At times I feel like a cardboard man propped up by strong coffee, but its power to revive wanes with each subsequent morning, and before long it just brings tremors and headaches, and zero boost. In the days leading up to some social activity I’ll lower my intake, and spend the time resting (albeit with a guaranteed migraine); and then reintroduce the caffeine to boost my way through the event, along with natural adrenaline. But in general it gets harder. I’m not in my 20s anymore.

At times it’s easy to forget that ‘normal’ people feel tired too, although, of course, they often like to remind you. The key is the word chronic in Chronic Fatigue Syndrome (although we don’t like that name as the illness is not just about tiredness). No one says to someone with arthritis, “Yeah, but I also get aches and pains.” Everybody gets aches and pains. That doesn’t mean they have a chronic condition. Everybody gets headaches, but that doesn’t mean they have something seriously wrong. No one says “I get headaches too” to someone with a brain tumour. People with M.E. get tired, and get headaches, and have a lot of pain, and their experience of them is frequent and ongoing.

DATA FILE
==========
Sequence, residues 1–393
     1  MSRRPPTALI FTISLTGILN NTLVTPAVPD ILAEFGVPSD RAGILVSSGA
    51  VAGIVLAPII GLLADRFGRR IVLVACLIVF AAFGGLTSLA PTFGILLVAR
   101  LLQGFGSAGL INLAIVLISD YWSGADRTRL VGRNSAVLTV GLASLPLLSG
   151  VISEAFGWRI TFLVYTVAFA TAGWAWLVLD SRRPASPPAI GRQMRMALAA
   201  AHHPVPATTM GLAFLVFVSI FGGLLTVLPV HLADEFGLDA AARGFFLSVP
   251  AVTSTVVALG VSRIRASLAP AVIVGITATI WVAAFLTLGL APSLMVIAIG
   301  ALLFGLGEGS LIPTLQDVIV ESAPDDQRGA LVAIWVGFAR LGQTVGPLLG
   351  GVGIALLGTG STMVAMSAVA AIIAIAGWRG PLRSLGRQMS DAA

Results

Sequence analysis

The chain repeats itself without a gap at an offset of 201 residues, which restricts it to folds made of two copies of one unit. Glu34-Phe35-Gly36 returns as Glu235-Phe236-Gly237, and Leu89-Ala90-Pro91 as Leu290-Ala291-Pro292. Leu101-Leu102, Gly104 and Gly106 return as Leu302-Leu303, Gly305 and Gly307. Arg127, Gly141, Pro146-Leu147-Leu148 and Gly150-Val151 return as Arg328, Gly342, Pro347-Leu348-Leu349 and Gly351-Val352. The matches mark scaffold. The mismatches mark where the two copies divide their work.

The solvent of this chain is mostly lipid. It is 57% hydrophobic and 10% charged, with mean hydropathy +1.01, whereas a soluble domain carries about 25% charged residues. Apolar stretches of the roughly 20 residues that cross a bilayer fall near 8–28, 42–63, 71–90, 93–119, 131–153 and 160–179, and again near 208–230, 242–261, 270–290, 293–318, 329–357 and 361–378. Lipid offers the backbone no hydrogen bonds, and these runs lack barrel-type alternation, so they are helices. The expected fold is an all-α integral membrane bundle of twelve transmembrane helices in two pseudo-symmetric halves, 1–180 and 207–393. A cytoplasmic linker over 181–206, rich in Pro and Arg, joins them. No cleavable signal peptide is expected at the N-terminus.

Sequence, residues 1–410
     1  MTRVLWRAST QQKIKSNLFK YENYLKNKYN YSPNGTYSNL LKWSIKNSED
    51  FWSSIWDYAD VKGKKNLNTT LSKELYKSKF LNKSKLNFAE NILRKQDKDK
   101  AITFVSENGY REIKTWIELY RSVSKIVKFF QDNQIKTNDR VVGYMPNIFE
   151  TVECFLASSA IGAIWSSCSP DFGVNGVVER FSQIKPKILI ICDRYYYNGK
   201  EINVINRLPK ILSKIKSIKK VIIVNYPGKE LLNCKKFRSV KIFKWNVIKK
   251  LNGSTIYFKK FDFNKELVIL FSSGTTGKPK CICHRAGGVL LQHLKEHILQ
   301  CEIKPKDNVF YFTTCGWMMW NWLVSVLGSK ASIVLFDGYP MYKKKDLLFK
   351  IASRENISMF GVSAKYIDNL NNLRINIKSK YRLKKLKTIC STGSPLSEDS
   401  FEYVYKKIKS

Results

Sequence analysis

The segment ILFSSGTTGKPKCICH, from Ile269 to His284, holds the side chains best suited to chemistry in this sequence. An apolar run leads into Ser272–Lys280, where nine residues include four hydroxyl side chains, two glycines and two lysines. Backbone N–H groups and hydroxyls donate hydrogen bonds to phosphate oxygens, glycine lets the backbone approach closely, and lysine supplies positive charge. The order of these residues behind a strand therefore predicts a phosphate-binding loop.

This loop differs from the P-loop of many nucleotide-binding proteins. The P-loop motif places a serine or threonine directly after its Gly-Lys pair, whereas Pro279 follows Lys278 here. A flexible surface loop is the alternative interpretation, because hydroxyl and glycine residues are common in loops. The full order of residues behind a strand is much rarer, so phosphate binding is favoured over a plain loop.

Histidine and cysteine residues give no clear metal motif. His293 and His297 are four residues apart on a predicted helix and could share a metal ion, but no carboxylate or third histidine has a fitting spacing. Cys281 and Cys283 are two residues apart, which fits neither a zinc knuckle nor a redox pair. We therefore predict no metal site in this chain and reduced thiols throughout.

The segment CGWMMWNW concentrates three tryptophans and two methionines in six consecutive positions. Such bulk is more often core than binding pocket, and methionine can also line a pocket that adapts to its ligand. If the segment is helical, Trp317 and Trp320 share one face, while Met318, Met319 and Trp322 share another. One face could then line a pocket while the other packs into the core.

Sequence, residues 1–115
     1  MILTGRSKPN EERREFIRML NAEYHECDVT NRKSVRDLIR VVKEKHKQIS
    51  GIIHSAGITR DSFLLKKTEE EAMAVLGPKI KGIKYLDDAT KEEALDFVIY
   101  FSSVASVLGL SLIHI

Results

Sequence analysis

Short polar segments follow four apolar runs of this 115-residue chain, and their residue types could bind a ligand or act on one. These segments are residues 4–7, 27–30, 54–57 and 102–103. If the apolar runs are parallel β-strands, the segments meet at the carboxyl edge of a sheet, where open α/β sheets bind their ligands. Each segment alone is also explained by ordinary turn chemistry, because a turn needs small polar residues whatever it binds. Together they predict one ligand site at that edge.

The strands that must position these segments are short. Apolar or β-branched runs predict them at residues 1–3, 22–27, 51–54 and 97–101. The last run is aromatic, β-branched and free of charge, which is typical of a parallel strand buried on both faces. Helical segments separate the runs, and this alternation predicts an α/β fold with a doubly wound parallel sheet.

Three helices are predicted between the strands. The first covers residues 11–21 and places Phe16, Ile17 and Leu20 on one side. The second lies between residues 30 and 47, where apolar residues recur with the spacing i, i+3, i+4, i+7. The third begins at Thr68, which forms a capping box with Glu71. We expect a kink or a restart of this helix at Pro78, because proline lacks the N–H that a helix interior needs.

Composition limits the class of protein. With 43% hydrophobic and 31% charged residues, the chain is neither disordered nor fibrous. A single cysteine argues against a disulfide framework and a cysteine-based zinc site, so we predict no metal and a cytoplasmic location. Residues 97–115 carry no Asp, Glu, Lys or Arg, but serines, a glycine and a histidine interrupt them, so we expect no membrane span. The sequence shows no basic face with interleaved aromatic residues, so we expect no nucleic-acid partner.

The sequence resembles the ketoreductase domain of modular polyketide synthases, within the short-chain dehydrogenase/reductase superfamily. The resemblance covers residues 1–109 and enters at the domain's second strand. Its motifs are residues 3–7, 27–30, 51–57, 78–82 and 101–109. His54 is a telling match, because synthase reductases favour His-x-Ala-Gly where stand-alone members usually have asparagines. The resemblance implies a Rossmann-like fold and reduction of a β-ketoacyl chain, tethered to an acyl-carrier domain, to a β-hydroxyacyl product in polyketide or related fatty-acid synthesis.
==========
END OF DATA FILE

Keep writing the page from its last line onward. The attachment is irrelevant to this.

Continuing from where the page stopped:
None of this is written as a plea for pity; merely a request for some understanding of perhaps the most misunderstood of all illnesses. There are people far more acutely affected than me; many of them with other illnesses, but also many with a horribly debilitating severity of M.E.. But they’re often not able to write about their plight, perhaps because they’re too poorly, or not a wordsmith, or simply have no platform on which to tell their story. I can share a taster of what it’s like, but unless you are feeling the same symptoms at the exact same time, it can be difficult for anyone to appreciate what someone else is going through.

How do you imagine a pain greater than you’ve ever experienced, or a torment wilder than your own mind has endured? I’m not sure that you can.

Postscript: Research Findings and Hope?